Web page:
Against the backdrop of higher interest rates, we expect CRE prices to fall between 10-15% over 2023-2024 in the Eurozone.  Weak economic growth will not help cushion the impact while the impending fiscal consolidation will inevitably come into play (Figure 3). Although we do not see any of the largest four Eurozone economies escaping the correction, there will be differences when it comes to specific locations. Cities with growing populations, good public transport, and GDP growth will see better outcomes for their commercial real estate than those without these benefits. However, two factors could trigger a larger-than-expected correction: (1) an inflation relapse that requires further monetary tightening that leads to a deeper recession; the severity of this scenario would depend on whether growing debt concerns lead to fiscal consolidation or whether there is still some room for fiscal policy to cushion the increase in insolvencies, or (2) a banking crisis in the Eurozone, which would tighten lending even more. The latter is proof of how interlinked both sectors are, although in this case, the transmission channel between CRE and banking would run in the opposite direction.

Figure 3:  CRE price forecasts (cumulated change between end-2022 and end-2024, %)
Source: Allianz Research. Note: CRE prices changes in nominal terms; “contrib.”=contribution; “yoy”=year-on-year.

Box 1. Upward pressure on real estate companies from the increasing cost of debt

The reliance of real estate companies on borrowed funds makes them highly vulnerable to changes in the cost of capital. Be it for development, construction or property acquisition, real estate companies use debt financing from various sources (in Europe, mainly banks). As rates increase, variable-rate borrowers’ repayment capacity might deteriorate. In addition, a material volume of CRE loans have large instalments due at maturity (“bullet” or “balloon” loans). As the cost of lending increases, these borrowers may have problems refinancing their loans at maturity. In this context, real estate companies will need to focus on deleveraging and stabilizing their current portfolios. As a result, even in an optimistic scenario, a slow-down in construction activities is highly likely, with consequences for the wider economy.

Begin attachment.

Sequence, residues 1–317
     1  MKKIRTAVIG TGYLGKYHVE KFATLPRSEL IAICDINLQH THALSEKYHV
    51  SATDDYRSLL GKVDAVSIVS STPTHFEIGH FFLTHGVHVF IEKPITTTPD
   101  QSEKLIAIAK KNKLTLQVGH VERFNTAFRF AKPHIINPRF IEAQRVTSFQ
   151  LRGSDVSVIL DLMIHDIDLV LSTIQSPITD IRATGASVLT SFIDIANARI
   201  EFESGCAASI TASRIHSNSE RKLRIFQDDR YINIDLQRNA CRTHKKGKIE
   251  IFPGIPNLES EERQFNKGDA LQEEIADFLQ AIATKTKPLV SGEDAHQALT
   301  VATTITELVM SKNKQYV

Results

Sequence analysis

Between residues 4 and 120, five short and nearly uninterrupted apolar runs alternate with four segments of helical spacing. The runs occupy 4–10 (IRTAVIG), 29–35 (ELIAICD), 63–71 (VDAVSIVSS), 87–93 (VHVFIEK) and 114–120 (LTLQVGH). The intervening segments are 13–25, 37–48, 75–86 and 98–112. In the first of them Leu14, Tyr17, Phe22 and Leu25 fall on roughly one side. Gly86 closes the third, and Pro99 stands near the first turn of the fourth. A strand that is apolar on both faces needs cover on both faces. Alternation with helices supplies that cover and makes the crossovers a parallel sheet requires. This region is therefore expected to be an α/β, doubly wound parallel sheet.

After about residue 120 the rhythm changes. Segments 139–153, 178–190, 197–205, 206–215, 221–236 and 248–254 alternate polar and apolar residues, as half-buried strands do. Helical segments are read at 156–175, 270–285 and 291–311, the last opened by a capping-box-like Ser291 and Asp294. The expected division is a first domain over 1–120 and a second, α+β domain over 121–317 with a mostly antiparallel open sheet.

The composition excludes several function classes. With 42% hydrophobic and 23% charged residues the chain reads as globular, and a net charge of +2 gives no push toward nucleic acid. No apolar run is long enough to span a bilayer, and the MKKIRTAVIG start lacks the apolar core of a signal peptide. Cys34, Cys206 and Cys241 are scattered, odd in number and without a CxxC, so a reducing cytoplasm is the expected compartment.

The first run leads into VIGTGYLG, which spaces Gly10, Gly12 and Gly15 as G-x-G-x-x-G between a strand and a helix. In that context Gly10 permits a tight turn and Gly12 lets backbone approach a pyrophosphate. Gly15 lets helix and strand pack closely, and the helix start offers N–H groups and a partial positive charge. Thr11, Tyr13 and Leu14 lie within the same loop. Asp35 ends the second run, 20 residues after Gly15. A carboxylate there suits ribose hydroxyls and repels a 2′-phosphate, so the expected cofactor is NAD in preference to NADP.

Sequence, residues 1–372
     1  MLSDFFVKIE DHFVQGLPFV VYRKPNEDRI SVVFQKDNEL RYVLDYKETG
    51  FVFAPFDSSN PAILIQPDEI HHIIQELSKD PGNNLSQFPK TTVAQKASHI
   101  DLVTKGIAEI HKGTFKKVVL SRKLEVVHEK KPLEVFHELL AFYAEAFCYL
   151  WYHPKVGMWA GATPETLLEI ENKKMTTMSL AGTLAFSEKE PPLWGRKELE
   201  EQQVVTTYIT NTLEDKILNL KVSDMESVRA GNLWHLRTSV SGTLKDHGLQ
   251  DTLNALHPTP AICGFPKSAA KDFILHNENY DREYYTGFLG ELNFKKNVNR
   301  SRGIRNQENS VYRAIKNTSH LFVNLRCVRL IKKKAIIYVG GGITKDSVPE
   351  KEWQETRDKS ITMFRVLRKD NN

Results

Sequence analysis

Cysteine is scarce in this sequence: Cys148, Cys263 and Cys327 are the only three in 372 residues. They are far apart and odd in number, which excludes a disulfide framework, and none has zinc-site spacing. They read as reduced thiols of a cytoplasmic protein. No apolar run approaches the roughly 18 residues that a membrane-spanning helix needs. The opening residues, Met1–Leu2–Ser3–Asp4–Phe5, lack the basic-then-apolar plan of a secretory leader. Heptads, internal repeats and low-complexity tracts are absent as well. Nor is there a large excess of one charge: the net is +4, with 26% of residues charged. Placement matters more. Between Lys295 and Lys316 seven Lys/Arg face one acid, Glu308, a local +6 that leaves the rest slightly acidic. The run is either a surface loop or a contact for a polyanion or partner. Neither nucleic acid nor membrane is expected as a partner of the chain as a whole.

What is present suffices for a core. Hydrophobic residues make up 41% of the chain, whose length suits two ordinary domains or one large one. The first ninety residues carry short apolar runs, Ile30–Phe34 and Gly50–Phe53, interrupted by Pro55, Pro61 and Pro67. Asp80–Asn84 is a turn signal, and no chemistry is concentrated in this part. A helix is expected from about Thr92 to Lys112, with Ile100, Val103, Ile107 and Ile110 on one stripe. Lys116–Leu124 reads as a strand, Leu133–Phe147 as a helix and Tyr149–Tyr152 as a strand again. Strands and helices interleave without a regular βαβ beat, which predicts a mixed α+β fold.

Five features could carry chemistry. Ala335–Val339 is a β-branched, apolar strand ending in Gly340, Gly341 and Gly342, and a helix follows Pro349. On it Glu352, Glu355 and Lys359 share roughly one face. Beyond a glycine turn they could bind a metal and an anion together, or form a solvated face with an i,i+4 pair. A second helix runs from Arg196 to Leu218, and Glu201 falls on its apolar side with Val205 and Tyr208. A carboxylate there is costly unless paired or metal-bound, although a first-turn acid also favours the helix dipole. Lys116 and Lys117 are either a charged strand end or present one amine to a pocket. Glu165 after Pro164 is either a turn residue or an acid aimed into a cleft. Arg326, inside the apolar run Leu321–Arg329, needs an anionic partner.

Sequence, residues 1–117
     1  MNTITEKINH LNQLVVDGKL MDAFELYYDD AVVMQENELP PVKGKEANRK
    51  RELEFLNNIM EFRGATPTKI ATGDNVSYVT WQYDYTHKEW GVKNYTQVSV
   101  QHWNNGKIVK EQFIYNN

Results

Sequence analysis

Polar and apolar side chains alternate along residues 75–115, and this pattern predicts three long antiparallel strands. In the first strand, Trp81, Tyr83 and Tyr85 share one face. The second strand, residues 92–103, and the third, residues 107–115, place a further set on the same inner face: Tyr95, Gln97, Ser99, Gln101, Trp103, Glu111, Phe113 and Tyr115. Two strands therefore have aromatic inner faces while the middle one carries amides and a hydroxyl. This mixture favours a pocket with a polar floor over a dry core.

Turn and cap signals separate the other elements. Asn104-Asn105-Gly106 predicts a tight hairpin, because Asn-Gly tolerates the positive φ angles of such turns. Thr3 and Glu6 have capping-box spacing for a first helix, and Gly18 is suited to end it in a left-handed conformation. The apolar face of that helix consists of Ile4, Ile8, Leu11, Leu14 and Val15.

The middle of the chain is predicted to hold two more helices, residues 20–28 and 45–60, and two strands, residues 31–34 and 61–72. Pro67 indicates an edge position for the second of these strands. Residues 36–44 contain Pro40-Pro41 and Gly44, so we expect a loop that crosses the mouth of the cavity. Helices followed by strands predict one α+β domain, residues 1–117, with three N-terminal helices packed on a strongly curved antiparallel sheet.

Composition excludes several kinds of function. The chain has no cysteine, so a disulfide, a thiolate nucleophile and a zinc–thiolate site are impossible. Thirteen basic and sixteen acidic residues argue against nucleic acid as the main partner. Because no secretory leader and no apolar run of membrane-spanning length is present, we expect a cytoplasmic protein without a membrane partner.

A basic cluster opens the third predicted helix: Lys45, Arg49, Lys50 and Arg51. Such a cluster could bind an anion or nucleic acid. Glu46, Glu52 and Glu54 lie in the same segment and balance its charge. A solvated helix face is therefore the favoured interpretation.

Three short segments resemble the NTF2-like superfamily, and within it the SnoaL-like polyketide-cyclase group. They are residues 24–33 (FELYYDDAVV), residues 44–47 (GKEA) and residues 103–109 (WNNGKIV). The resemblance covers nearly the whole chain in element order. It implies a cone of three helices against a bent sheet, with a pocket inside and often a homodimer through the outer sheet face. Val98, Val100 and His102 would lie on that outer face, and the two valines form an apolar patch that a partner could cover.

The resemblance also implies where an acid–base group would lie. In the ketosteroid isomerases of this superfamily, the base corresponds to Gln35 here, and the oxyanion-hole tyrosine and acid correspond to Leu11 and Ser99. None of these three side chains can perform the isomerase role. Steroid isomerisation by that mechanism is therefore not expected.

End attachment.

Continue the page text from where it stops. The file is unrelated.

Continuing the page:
Figure B1. 1. Net leverage of Eurozone listed companies by sector (excluding financials)
Sources: Refinitiv Datastream, Allianz Research. Notes: calculated as of net debt / EBITDA using Refinitiv Datastream sector aggregates, which follow GICS sector benchmarking; the real estate sector comprises REITs, real estate management and real estate development companies.
This contributes to widening the differences between prime and not prime. Landlords of non-prime buildings are in a weaker position when it comes to keeping up rents with inflation. But even in prime locations between 2021 and 2022 cost of debt climbed over yields across many locations and CRE segments (Figure B1.2).
Figure B1.2. Europe prime yields vs. total cost of debt (labels reflect the bps difference between prime yield and cost of debt by the end of 2022)
Sources: CBRE, AZ Research estimates. Note: chart shows average values, which ignores significant heterogeneity within the asset class (location, segments, asset quality); data as of Q4 of each year.

A banking doom loop is not on the cards in Europe

European banks are highly exposed to a potential rise in default risk in the CRE sector. In Europe, German banks are most exposed, with commercial mortgages accounting for 9.6% of total outstanding loans, roughly equally split between residential and commercial mortgages (Figure 4). Italy follows with 7.4%, while in France and Spain CRE exposure represents less than 5% of the loan book. When it comes to real estate-related activities, banks in Germany and France are most exposed (France is the only country where exposure has increased since 2014), thanks to a large exposure to the construction sector and growing exposure to companies involved in other areas of real estate (operating, buying-selling of properties).


Figure 4:  Banks’ exposure to various types of real estate (as % of total loans)
Sources: EBA Risk Dashboard, Allianz Research. Note: */ Category L in NACE categorization of activities (e.g. buying and selling real estate, operating real estate).